Mandel Plans Huge Project in Harbor District
$150 million Harbor Yards would have hotel, office building, apartments and market square.
The Mandel Group has unveiled a new vision for an entire mixed-use neighborhood on a 4.25-acre swath of land it owns in Walker’s Point. And the company believes it can break ground in the next 12 months.
The plan, updated for the third time in as many years, would have the real estate firm converting a series of parcels along S. Water St. and E. Florida St. into two apartment buildings, a hotel, office building, market square and new park. A pedestrian bridge over the Milwaukee River would also be included.
“We’ve reimagined the overall design from the sidewalk up, not the roofline down. The pedestrian experience and day‐to‐day vibe of this neighborhood is of tantamount importance to its long‐term success,” said Mandel chief operating officer Robert Monnat in a release.
The development firm envisions a 150-room hotel, six-story, 150-room apartment building and 10-story, 93,000-square-foot office building built along the river with a new segment of the Milwaukee RiverWalk. The latter two buildings would include street-level commercial space. Additional development, including another apartment building and a parking garage is planned along E. Florida St.
Each of the river-fronting buildings would cantilever over the riverwalk, a design feature intended to evoke the imagery of cargo cranes.
“It’s a nod to the nautical design vocabulary of crane structures that populate major seaports” said HGA principal Jim Shields who is serving as the project’s architect. “Historically this site was a major intersection of cargo arriving and leaving the city via Great Lakes schooners, which transferred to or from trains which in turn connected to the broader marketplace served by the City of Milwaukee.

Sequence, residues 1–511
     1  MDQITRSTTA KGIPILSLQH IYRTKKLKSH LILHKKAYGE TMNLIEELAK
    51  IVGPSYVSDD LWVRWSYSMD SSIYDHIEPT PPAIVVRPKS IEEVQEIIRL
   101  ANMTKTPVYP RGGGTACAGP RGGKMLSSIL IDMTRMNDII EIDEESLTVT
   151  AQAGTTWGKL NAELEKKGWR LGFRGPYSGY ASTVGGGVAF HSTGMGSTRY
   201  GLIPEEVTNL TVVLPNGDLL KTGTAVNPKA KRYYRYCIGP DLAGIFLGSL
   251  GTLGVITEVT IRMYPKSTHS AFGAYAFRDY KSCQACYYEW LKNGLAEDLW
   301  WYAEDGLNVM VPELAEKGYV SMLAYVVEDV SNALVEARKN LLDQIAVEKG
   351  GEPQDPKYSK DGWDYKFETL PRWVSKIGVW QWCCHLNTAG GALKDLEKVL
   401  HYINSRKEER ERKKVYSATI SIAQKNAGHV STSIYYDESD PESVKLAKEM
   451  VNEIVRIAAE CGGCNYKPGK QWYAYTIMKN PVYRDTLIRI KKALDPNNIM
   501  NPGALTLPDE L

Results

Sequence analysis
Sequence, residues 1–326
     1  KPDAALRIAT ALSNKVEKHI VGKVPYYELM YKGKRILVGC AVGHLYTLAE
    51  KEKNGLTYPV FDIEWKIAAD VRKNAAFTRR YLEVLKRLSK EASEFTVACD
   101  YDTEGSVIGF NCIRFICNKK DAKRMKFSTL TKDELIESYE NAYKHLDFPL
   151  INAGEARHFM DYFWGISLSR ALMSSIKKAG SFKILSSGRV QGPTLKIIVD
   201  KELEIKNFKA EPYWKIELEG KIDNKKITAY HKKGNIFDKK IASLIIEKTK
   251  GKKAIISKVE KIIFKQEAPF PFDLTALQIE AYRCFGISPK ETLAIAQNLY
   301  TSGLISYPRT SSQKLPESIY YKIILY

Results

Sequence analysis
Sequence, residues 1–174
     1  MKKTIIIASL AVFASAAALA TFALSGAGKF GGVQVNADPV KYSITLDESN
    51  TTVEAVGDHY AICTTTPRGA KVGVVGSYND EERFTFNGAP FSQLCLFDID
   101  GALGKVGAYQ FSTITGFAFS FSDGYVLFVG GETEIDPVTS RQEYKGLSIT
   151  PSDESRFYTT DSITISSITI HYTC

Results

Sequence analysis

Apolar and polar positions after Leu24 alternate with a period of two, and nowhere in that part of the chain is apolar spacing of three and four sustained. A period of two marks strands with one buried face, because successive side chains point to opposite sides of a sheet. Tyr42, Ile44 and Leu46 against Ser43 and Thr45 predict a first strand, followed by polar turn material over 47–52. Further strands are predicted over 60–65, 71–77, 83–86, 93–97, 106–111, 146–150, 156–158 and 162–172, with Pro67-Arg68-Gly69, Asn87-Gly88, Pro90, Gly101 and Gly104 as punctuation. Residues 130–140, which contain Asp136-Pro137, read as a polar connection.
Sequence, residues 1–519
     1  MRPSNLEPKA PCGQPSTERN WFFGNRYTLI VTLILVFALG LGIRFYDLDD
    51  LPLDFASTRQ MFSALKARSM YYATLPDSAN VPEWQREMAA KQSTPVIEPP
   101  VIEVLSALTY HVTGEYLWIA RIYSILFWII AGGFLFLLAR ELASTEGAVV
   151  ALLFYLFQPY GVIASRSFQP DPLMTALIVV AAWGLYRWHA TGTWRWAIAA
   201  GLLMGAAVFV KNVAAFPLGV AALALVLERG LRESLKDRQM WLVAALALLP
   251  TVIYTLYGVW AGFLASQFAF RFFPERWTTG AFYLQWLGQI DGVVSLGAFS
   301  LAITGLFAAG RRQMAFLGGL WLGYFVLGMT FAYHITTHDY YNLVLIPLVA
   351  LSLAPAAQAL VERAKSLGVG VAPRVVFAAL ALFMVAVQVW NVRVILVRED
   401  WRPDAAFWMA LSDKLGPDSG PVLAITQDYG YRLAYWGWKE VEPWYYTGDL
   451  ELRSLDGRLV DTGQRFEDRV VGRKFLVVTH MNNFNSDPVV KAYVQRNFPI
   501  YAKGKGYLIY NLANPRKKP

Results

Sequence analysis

The Wisconsin Cold Storage complex along E. Florida St. will also be demolished, with the company determining it could not support new uses without a new steel superstructure being built inside. The building’s historical use as a cold storage facility does not lend itself to adaptive reuse said Monnat, who cited low floor-to-ceiling heights, a lack of windows and other structural issues. “There is no good reuse option there unfortunately,” concludes Monnat.
But clearing the site and replacing it with a parking garage will lead to better design of the buildings on the river. The riverfront buildings will be better connected to the river itself and will lack the extensive parking pedestals placed at the base of most new buildings. Monnat said that building the garage also is cost-effective because it allows the stalls to be shared by the different users.
Restaurants and other entertainment venues are planned along the riverwalk, as well as on the hotel’s rooftop. “This plan creates a series of streets that connect the Riverwalk to South Water Street, which opens up the riverwalk and connects it to the city rather than hiding it behind longer buildings,” said Monnat. “Having these multiple points of activation will add to the viability of each business that locates on the riverwalk while giving patrons a chance to visit several different entertainment destinations in a single area.”
The firm envisions the mix of uses creating an active environment seven days a week, similar to what the firm has created at The North End and East Pointe developments on the other end of Downtown.
The development, known as Harbor Yards, would be built in phases. The apartment building and hotel are expected to come first.
Mandel has specifically targeted riverfront property with most of its Milwaukee projects, including a number just across the river in the Historic Third Ward, but believes this site is even better. “It’s the best river frontage we’ve been able to assemble in the last 20 years,” said Monnat.
A “harbor market” and events space would be built along E. Florida St. The firm has determined the space is not buildable without an economically infeasible investment in relocating utilities leftover from when E. Florida St. was relocated a few yards south in the 1970s.
“We found a really interesting alternative use for the area that will lend value to the overall development,” said project manager Elizabeth Adler. The market square component will be designed to support farmers markets and other outdoor events. An events area, designed to support tents, and food truck plaza will be built adjacent to it. All of the spaces will be supported by a cafe structure.